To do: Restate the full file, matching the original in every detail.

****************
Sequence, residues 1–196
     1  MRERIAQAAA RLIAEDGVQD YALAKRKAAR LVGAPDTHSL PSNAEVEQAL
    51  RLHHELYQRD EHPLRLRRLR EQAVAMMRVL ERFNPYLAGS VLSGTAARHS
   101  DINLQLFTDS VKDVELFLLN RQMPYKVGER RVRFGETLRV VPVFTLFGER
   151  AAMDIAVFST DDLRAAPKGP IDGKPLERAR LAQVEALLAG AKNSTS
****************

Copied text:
Sequence, residues 1–196
     1  MRERIAQAAA RLIAEDGVQD YALAKRKAAR LVGAPDTHSL PSNAEVEQAL
    51  RLHHELYQRD EHPLRLRRLR EQAVAMMRVL ERFNPYLAGS VLSGTAARHS
   101  DINLQLFTDS VKDVELFLLN RQMPYKVGER RVRFGETLRV VPVFTLFGER
   151  AAMDIAVFST DDLRAAPKGP IDGKPLERAR LAQVEALLAG AKNSTS